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Pieces of the Past — High in Air

February 21, 2024

I remember sitting in Chorus class in 7th grade and learning the Alma Mater song for the high school. We sang: HIGH IN AIR THY SPIRES ARE TOWERING… I don’t remember whose hand shot up but one student asked: “What are SPIRES?”

The teacher calmly explained that spires are like steeples. The kid (it was a boy) raised his hand a second time and said, “I have been to the high school and have never seen spires up there!” Of course the teacher took a deep breath and explained that the spires were on the old high school. The hand went up one more time, “maybe they outta change the song”! That brought on a good laugh.

I was in 6th grade the year that the current high school opened for business. The building on the corner of Second and Market held its final classes on Wednesday, Dec. 23, 1959. My sister DeAnne was a part of the last and the first class to attend both.

The Warren High located on Market and Second Streets replaced a “technical” school that was located on the corner of 3rd and Hickory. The building had a few characteristics that resembled today’s Warren Municipal Building. It wasn’t nearly big enough to handle the student population. Construction of that Warren High began in 1896. “Area” was not in the name back then. In fact, only kids from the borough of Warren were to go there. Clarendon, Starbrick, Sugar Grove, Wrightsville, Lottsville, Spring Creek, Bear Lake and Columbus all had their own schools.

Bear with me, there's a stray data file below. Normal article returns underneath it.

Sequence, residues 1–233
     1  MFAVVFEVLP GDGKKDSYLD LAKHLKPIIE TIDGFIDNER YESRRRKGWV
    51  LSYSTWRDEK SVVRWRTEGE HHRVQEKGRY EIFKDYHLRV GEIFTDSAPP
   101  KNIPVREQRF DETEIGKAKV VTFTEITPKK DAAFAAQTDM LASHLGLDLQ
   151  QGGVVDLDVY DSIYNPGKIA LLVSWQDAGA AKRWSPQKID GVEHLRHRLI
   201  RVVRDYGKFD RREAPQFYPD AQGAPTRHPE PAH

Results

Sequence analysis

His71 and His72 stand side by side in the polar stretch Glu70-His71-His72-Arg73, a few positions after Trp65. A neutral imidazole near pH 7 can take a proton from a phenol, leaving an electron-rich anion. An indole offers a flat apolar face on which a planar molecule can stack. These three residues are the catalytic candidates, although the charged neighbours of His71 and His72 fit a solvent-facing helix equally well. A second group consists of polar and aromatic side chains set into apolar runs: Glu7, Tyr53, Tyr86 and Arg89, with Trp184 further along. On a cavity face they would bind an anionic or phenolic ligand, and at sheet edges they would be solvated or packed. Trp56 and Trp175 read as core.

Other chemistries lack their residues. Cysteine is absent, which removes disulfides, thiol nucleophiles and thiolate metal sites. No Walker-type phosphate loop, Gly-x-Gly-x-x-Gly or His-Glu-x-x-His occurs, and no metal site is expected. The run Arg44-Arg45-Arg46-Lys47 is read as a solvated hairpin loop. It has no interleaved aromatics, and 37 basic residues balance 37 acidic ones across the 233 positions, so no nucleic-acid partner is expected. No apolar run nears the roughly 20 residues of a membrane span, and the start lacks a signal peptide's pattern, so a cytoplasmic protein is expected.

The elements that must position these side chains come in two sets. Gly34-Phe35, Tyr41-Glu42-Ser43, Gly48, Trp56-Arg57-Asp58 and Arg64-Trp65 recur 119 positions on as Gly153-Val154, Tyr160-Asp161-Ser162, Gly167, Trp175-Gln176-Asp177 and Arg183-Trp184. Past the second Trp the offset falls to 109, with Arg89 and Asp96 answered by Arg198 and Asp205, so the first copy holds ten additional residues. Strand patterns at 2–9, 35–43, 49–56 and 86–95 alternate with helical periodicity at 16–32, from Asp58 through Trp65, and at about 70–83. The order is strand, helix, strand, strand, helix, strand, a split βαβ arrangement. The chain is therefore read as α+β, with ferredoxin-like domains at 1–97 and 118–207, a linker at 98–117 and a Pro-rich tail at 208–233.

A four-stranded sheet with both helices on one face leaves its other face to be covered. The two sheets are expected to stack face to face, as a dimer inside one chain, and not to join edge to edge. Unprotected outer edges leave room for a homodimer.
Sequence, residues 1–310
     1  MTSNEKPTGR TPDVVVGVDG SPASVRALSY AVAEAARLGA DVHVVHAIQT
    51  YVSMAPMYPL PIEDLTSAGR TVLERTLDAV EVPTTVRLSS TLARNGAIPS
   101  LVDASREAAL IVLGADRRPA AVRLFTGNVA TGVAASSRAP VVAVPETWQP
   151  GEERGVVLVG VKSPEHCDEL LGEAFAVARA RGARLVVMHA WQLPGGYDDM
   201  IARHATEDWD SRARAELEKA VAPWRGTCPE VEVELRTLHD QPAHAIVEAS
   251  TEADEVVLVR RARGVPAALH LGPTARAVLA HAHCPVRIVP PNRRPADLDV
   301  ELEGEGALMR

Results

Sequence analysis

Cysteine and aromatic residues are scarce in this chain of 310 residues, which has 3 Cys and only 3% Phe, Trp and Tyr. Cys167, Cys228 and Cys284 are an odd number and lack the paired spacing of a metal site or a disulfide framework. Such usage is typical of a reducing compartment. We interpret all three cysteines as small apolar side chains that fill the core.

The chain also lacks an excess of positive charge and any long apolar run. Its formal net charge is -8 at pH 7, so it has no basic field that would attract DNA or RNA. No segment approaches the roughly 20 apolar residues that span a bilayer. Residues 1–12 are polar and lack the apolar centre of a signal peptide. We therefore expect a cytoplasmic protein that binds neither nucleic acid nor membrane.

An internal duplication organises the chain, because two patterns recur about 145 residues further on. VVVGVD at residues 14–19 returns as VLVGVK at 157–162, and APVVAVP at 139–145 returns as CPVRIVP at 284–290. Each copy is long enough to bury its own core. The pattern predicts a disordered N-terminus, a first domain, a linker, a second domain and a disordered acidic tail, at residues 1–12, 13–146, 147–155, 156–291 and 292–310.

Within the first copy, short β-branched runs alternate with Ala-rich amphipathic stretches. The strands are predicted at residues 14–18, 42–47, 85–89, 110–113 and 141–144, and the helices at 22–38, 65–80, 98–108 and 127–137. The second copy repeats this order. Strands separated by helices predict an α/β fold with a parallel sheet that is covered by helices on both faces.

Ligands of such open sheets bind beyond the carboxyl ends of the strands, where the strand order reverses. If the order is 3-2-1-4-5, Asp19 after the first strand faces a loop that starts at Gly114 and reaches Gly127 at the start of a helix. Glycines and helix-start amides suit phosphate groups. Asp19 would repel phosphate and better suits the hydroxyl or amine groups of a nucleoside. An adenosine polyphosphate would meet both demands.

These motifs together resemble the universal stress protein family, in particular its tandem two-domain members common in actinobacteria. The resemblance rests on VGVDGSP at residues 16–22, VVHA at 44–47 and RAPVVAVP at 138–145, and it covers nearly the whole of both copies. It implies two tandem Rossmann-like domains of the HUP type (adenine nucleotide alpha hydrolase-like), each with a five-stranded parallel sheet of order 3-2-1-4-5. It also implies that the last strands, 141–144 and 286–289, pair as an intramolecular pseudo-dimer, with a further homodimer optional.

By the end of 1897 Warren high was complete. Three floors of classrooms were in use. In a celebration of the life of perhaps the most loved principal to serve Warren, Joseph Pizzaro, I learned that the flood of ’56 led to the only day the school was closed. That day, Beaty, Jefferson Street, McClintock and East Street were also closed. Lacy, South Street, and Home Street were all high and dry! In fact, one of the reasons today’s high school is where it is is to keep it out of the water! With the old high school not a single day ended up as a snow day. Imagine that!

My Dad, a 1939 grad of Warren High and my sister would often talk about the building. How my Dad used to claim he could feel the 3rd floor sway when a good gust of wind hit it. How much of that was old fashioned “bull” we’ll never know. By 1959 the uppermost floor of the building was closed to students. Just before the building was raised locks were welcomed to take some things. My Dad got three lockers. Those might even still be at the foot of the cellar steps of 107 Park Avenue!

Market Street School assumed the spot vacated by the high school. It served students that would have gone to East Street. Of course East was built about the same time as the high school. The building became Warren County School district’s CENTRAL OFFICE, As my Mom (who worked there) used to say, “East Street was unsafe for kids but safe enough for adults!”


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